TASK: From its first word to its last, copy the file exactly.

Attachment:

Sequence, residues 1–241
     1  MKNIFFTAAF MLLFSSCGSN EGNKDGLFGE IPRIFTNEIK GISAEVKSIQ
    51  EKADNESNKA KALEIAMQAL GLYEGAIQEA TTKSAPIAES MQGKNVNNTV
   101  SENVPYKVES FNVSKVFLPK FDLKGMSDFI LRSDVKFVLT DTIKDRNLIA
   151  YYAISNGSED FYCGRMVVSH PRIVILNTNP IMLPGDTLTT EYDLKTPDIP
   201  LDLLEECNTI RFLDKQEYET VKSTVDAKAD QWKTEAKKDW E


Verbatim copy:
Sequence, residues 1–241
     1  MKNIFFTAAF MLLFSSCGSN EGNKDGLFGE IPRIFTNEIK GISAEVKSIQ
    51  EKADNESNKA KALEIAMQAL GLYEGAIQEA TTKSAPIAES MQGKNVNNTV
   101  SENVPYKVES FNVSKVFLPK FDLKGMSDFI LRSDVKFVLT DTIKDRNLIA
   151  YYAISNGSED FYCGRMVVSH PRIVILNTNP IMLPGDTLTT EYDLKTPDIP
   201  LDLLEECNTI RFLDKQEYET VKSTVDAKAD QWKTEAKKDW E